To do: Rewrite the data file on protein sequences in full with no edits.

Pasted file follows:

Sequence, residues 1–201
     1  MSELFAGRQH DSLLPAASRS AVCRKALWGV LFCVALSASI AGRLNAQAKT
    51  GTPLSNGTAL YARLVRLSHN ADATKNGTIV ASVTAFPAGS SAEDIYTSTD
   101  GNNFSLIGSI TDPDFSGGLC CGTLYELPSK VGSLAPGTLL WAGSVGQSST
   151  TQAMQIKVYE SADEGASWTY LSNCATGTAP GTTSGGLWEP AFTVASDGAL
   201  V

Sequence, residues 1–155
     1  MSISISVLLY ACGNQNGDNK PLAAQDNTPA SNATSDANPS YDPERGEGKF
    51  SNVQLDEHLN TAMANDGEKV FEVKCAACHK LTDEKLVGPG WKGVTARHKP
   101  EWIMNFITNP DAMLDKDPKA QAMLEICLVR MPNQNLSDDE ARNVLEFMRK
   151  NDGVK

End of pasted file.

Sequence, residues 1–201
     1  MSELFAGRQH DSLLPAASRS AVCRKALWGV LFCVALSASI AGRLNAQAKT
    51  GTPLSNGTAL YARLVRLSHN ADATKNGTIV ASVTAFPAGS SAEDIYTSTD
   101  GNNFSLIGSI TDPDFSGGLC CGTLYELPSK VGSLAPGTLL WAGSVGQSST
   151  TQAMQIKVYE SADEGASWTY LSNCATGTAP GTTSGGLWEP AFTVASDGAL
   201  V

Sequence, residues 1–155
     1  MSISISVLLY ACGNQNGDNK PLAAQDNTPA SNATSDANPS YDPERGEGKF
    51  SNVQLDEHLN TAMANDGEKV FEVKCAACHK LTDEKLVGPG WKGVTARHKP
   101  EWIMNFITNP DAMLDKDPKA QAMLEICLVR MPNQNLSDDE ARNVLEFMRK
   151  NDGVK